Computer-aided orbital wall defects treatment by individual design ultrahigh molecular weight polyethylene implants

J Craniomaxillofac Surg. 2014 Jun;42(4):283-9. doi: 10.1016/j.jcms.2013.05.015. Epub 2013 Jul 5.


Despite of well-known advantages of high molecular weight polyethylene (Medpor, Synpore) in orbital reconstructions, the thickness of those implants significantly exceeds 0.5 mm and precise modification of thickness is limited. The aim of this study was to present the application of a self-developed method of treatment orbital wall fracture by custom implant made of ultrahigh molecular weight polyethylene (UHMW-PE).

Material and method: First, the test of influence of sterilization process upon implant deformation was performed (autoclaving, ethylene oxide, gas plasma, irradiation). Next, ten cases for delayed surgical treatment of orbital fracture were included into this study (7 males, 3 females). Based on CT scan and mirrored technique, a CAD model of virtual implant for repairing orbital wall was made. Then, an implant was manufactured with a computer numerical controlled milling machine from UHMW-PE block, sterilized and used during a surgical procedure. Clinically used implants had thickness from 0.2 to 4.0 mm.

Results: The best method of sterilization is ethylene oxide process, and the worst is autoclaving. In this series of delayed surgical cases, functional results of orbital surgery are worse than in simpler, early treated cases, but long-term subsidence of diplopia is noticeable [10% poor results]. The results of the treatment depend on the initial level of diplopia where severe initial diplopia to be corrected requires thicker implants (p < 0.01). It also leads to longer surgical procedures (p < 0.01), but prolongation of the surgery had no negative influence upon results of any investigated follow-up examinations. Obviously, the orbital destruction intensity is related to injury-evoked initial diplopia but it also influences whole results of treatment up to 12 months post-op. Interesting result is presented by the relation of maximal implant thickness to 12-month diplopia evaluation. Thicker implants used result in lower residual diplopia (p < 0.05). This is important because of the correlation between the higher orbital destruction intensity with a thicker UHMW-PE implant (p < 0.05) applied in this series.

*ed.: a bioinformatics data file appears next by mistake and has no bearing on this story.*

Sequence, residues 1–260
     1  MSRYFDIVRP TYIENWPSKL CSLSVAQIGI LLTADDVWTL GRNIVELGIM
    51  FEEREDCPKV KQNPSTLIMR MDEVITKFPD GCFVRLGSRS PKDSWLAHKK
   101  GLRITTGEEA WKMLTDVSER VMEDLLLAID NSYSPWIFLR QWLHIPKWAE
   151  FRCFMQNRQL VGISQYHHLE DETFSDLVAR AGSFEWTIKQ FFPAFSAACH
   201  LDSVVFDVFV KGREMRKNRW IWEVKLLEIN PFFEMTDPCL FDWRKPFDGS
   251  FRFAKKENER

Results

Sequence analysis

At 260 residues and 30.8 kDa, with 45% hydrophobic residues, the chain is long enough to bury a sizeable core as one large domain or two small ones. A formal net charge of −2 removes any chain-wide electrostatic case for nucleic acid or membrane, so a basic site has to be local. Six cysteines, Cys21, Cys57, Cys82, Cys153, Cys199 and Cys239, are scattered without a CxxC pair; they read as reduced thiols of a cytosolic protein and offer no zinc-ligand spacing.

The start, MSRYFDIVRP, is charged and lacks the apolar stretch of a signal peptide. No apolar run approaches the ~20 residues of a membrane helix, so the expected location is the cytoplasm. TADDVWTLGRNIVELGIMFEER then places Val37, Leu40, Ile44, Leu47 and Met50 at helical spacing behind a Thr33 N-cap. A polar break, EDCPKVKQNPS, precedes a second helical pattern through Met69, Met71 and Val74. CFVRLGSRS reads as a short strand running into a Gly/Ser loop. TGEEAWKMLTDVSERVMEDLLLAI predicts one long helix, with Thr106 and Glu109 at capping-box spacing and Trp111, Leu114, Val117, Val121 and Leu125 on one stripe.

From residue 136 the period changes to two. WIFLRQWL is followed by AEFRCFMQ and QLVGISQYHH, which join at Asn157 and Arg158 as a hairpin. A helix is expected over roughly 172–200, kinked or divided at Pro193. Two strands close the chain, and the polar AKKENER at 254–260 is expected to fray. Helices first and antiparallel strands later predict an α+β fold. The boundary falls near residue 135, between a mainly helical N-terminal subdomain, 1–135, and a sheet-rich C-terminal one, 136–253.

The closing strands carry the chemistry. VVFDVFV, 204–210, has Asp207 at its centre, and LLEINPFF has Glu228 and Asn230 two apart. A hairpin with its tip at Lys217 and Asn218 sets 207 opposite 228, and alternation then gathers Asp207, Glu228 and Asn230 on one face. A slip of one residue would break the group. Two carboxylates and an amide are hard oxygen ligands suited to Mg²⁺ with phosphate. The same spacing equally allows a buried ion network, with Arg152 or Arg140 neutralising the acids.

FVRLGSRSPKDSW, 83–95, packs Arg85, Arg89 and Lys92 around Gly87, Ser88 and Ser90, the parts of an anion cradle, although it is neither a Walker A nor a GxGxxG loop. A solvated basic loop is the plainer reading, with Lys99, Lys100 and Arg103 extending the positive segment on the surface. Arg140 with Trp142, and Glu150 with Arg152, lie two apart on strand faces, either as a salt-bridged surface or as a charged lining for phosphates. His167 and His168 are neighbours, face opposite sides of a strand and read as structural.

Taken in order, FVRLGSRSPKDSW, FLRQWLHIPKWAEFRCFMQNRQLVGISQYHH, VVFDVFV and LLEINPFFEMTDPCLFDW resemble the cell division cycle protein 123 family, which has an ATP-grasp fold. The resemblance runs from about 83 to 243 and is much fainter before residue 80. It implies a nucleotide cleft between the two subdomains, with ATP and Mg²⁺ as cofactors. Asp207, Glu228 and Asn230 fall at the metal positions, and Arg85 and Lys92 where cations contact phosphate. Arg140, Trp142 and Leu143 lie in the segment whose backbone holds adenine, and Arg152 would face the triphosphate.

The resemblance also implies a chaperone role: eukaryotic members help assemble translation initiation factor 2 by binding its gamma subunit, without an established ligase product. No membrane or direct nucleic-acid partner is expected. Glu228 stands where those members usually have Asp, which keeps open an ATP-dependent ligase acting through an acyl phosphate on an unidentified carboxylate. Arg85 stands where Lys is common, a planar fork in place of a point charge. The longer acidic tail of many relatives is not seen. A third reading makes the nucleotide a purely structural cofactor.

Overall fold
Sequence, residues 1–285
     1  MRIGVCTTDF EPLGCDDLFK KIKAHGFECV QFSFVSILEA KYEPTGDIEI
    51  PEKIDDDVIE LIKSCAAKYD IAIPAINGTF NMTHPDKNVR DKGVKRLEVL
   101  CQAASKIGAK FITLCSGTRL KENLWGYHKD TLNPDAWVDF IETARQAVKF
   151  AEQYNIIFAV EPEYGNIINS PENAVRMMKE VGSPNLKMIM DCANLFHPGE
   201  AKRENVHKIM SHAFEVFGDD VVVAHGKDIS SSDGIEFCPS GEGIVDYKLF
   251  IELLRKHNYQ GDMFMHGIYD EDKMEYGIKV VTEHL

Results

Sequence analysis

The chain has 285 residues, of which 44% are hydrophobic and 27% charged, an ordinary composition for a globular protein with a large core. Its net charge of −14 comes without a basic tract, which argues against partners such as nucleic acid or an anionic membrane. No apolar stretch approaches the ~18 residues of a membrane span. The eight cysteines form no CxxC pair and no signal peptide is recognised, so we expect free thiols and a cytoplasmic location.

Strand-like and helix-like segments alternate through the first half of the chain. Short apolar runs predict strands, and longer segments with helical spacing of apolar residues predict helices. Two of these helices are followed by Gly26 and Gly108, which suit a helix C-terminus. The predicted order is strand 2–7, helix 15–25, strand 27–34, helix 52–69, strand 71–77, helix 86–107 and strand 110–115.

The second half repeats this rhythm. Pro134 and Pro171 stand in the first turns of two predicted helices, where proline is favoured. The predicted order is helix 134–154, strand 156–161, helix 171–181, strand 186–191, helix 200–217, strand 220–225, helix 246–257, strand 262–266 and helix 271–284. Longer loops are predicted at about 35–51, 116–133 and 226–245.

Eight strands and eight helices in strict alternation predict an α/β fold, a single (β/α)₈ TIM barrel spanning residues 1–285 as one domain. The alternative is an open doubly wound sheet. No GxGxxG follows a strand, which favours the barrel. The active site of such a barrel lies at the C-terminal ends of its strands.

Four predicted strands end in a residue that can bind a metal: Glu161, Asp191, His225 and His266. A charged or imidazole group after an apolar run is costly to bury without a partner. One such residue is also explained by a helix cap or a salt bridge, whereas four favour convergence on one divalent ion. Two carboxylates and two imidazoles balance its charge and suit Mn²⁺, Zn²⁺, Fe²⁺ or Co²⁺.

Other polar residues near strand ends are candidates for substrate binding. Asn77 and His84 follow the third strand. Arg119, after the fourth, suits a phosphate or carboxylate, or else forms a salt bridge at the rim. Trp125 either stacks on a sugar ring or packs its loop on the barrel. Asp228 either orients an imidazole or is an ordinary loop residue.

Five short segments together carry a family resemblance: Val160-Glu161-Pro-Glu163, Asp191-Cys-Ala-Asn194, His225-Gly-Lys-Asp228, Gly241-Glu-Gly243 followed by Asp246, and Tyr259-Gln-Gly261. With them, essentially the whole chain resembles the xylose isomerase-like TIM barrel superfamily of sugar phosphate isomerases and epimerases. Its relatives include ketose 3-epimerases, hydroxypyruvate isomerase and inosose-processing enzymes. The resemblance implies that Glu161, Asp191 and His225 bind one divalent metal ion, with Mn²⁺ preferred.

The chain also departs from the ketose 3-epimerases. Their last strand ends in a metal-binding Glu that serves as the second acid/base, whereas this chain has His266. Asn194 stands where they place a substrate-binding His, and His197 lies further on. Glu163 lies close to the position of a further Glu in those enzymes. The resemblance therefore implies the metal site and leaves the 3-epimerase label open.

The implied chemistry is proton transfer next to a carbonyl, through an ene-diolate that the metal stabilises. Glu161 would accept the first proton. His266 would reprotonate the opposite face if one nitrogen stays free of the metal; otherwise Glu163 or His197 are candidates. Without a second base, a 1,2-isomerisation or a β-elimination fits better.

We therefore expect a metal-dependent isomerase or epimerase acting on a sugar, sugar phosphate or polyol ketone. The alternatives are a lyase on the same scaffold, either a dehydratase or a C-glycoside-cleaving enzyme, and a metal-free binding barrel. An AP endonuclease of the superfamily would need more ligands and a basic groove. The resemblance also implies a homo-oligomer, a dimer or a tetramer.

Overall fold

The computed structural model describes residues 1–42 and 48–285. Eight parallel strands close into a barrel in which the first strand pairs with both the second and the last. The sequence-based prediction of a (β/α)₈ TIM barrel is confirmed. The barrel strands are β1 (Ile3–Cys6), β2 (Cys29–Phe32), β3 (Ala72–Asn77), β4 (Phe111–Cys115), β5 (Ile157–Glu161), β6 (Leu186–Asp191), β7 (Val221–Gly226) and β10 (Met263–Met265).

Conclusion: Patient-specific ultrahigh molecular weight polyethylene implants enable precise reconstructions of orbital wall. One should not be afraid of a significant eye globe reposition caused by these thickness modulated implants, as such repositioning is essential for an efficient correction of enophthalmos.

Keywords: CAD; CAM; Orbit; Ultrahigh molecular weight polyethylene.

Publication types

  • Research Support, Non-U.S. Gov't

MeSH terms

  • Adult
  • Biocompatible Materials / chemistry*
  • Biocompatible Materials / radiation effects
  • Computer-Aided Design*
  • Diplopia / surgery
  • Disinfectants / therapeutic use
  • Enophthalmos / surgery
  • Ethylene Oxide / therapeutic use
  • Female
  • Follow-Up Studies
  • Humans
  • Male
  • Multidetector Computed Tomography / methods
  • Operative Time
  • Orbital Fractures / diagnostic imaging
  • Orbital Fractures / surgery*
  • Plasma Gases / therapeutic use
  • Plastic Surgery Procedures / instrumentation
  • Polyethylenes / chemistry*
  • Polyethylenes / radiation effects
  • Prosthesis Design*
  • Prosthesis Implantation / methods
  • Sterilization / methods
  • Surface Properties
  • User-Computer Interface
  • Young Adult


  • Biocompatible Materials
  • Disinfectants
  • Plasma Gases
  • Polyethylenes
  • ultra-high molecular weight polyethylene
  • Ethylene Oxide